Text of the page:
Have you heard of NaNoWriMo? If not, you should have, so let me fix that error. NaNoWriMo, or National Novel Writing Month is an arts initiative, the sole aim of which is to get writers to write. Or, more importantly, to get would-be writers to write. Their website can explain it better than I can: "National Novel Writing Month is a a fun, seat-of-your-pants approach to creative writing. On November 1, participants begin working towards the goal of writing a 50,000-word novel by 11:59 p.m. on November 30. Valuing enthusiasm, determination, and a deadline, NaNoWriMo is for anyone who has ever thought fleetingly about writing a novel." The program was established in 1999, and since then has had more than 1,410,000 participants, not including 2013. they boast that over 250 of their novels have been traditionally published, including Sara Gruen's Water for Elephants, which was later made into the film starring Robert Pattinson, Reese Witherspoon, and Christoph Waltz.
Personally, I think that one of the best things about NaNoWriMo is the community of support and encouragement that it fosters for new writers. Many established authors participate, and even give motivational talks for the lesser-known participants. If you have a dream to write, but never had the get-up-and-go, NaNoWriMo is for you. If you are still unsure, then check this out: A friend of mine, Nick Durbridge, happens to be participating this year and, as an added bonus, is blogging about his experience as he goes. It's a daily journal of what it's like to write a short novel with a deadline, and it gives you a wonderful and entertaining look at the inner workings of the actual production of a book. You can find his blog here to read along with his adventures, and support beginning authors! After all, everyone starts somewhere.
I was fortunate enough to be able to attend one of the lectures offered during the Melbourne Writer's Festival recently, where one of the speakers (Chandrahas Choudhury: see his blog here) made a very interesting argument. The idea he put forward was that literature, and fiction specifically, amounts to a sixth sense, in that it allows humanity to experience the world in a different way. Sight, sound, touch, smell, hearing all provide unique and distinct ways of understanding the world around us and the inhabitants thereof, and Chandrahas postulated that fiction is the only way that we as humans have discovered (as of yet) to allow ourselves to see what someone else is thinking, thereby expanding our comprehension through not only a perspective distinct from our other senses, but one that is separated from our own mind. In essence, we have created a false sense to give us a more real understanding of the world. An interesting idea.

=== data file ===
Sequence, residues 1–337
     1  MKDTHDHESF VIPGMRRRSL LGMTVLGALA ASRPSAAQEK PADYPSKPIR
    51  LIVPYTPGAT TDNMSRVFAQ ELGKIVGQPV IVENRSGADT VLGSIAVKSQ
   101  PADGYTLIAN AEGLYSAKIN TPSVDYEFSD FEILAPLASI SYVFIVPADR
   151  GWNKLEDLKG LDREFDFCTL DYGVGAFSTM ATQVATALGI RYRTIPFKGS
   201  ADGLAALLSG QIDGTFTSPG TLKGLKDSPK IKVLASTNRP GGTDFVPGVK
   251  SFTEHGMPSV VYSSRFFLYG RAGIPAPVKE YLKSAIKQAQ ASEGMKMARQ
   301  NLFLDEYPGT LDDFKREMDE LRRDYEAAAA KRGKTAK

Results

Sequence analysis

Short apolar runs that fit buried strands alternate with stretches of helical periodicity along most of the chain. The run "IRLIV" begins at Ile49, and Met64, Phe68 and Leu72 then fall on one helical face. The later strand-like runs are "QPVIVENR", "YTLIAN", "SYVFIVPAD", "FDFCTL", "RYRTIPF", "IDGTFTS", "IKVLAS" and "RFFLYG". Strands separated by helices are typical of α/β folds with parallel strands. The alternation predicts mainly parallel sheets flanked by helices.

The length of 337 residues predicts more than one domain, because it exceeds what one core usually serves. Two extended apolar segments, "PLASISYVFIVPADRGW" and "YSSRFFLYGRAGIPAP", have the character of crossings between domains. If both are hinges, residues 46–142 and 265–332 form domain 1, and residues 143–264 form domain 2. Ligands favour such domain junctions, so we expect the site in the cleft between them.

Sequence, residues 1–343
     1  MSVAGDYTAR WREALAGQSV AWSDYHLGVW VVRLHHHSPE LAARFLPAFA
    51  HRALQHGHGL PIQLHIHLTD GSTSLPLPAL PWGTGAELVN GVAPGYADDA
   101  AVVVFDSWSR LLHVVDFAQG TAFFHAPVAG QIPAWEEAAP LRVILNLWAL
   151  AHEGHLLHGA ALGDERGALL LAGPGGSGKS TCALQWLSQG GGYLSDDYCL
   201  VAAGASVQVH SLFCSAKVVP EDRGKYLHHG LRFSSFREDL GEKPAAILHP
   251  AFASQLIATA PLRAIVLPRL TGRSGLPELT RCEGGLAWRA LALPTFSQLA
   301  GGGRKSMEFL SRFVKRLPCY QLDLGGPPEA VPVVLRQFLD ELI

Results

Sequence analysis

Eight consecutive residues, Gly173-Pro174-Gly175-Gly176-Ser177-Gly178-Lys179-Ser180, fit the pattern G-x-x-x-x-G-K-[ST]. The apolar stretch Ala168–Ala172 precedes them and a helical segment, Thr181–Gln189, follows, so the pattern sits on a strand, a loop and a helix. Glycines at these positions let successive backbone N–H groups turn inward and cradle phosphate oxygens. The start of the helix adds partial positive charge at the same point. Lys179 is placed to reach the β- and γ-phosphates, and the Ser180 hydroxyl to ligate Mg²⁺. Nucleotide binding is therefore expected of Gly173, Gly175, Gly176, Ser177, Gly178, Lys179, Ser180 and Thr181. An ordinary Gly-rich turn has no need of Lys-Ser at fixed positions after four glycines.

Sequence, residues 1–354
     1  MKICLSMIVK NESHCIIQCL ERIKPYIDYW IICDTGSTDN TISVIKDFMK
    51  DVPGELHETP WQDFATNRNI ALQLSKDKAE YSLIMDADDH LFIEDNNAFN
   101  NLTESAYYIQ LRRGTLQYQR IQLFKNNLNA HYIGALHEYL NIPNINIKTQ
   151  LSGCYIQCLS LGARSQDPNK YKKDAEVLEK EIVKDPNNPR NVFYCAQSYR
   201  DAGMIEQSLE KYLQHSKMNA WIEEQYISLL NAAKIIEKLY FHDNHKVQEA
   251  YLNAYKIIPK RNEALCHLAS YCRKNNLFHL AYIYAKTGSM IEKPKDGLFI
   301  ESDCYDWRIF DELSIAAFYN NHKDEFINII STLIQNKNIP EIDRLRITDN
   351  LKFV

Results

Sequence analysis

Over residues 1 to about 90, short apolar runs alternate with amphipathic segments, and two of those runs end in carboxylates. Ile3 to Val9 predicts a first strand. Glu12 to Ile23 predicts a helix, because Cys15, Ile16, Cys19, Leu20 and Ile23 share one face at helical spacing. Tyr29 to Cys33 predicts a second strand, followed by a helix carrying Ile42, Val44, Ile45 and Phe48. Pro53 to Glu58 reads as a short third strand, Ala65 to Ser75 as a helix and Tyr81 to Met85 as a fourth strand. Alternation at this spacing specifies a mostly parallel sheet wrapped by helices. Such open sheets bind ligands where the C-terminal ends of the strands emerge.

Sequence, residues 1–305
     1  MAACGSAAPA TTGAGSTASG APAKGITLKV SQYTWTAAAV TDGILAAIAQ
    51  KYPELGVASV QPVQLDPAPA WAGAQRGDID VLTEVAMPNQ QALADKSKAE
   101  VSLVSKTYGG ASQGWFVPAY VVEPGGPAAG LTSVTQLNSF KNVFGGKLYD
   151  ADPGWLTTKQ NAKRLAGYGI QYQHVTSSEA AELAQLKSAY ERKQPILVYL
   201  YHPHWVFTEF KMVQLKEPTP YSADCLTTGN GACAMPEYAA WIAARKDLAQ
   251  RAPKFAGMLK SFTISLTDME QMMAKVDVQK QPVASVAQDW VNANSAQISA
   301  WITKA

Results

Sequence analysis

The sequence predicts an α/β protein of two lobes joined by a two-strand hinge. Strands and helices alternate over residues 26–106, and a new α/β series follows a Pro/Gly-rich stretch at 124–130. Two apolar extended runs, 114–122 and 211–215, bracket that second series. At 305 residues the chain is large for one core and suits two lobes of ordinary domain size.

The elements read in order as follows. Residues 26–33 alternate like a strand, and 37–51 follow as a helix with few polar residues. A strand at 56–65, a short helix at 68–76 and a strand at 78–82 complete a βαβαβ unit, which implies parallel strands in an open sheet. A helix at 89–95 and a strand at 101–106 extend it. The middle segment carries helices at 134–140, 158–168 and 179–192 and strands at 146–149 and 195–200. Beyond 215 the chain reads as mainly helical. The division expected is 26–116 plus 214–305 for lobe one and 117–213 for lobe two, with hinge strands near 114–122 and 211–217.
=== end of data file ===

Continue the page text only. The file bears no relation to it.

What do you think? Is fiction a sixth sense? Or are we simply over-justifying our love of reading?
I wanted to share this picture with you, as a bit of a teaser! The subject of this photograph lives in a park near my home in Melbourne, Australia, and kindly served as the botanical inspiration for a rather important bit of my upcoming novel: The Keeper Chronicles: Playing with Fire. Any guesses as to what? Don't worry, you'll find out the answer soon enough; Playing with Fire will be released in September, 2013! Keep checking back for more updates and sneak peeks, and you'll be rewarded!
Please enjoy this hilarious video regarding the impetus to write and the not-so-secret ambition so many writers have of immediate success. The arguments certainly sound familiar to me, my brain has them with itself at least once a day...
Now that we've released the title for book one in The Keeper Chronicles, I thought I'd jot down a little note on the process of how I go about naming a work of fiction. It may seem strange, but often-times the title is the first thing to come to me. This was the case with my last novel, The Lazy Postman. I thought of the title and wondered what that book would be about, and then curiosity got the best of me, so I wrote it. Other times the title comes later, but is easy to pick; it just seems to work. Sometimes, however, the title can be tricky. That is the way it was with Playing with Fire. It took ages to come up with a title that was factually and thematically relevant to the story, the characters, and the series as a whole. In the end, it was a suggestion from a friend that finally broke through, and I'm very excited to announce the title once and for all!
In my upcoming short story collection, Fictions of Questionable Length, there is a final chapter that discusses the history of each of the stories; how they were inspired, why they were written, how they were titled, etc., so if you enjoy "Behind the Scenes" insights into the creation of what you read, be sure to watch out for it in early 2014!
Playing with Fire will be released in September, 2013.
We're up and running! It's very exciting for us to have this new way of connecting with you all. Make sure to keep an eye on what's new and upcoming on our "News" page, where we'll be making all sorts of great announcements over the next few months! (See what's there now for a taste!) If you're interested in finding out more about J.R. Vikse and his work, take a look at the "About the Author" page, or get in touch with us via "Contact." You can also find his Facebook author page and Twitter account using the links above, and of course, we'll provide you with easy access to reviews on Jason's work, and shopping, in case you need an extra copy or two! In "Links," you'll find lists of some of Jason's favourite authors and books, as well as some helpful sites if you're considering taking the leap and publishing yourself! Here in "Notes From the Author," we'll be sending on some thoughts and updates from Jason, as well as some Behind the Scenes features and interviews, so keep checking, and keep reading!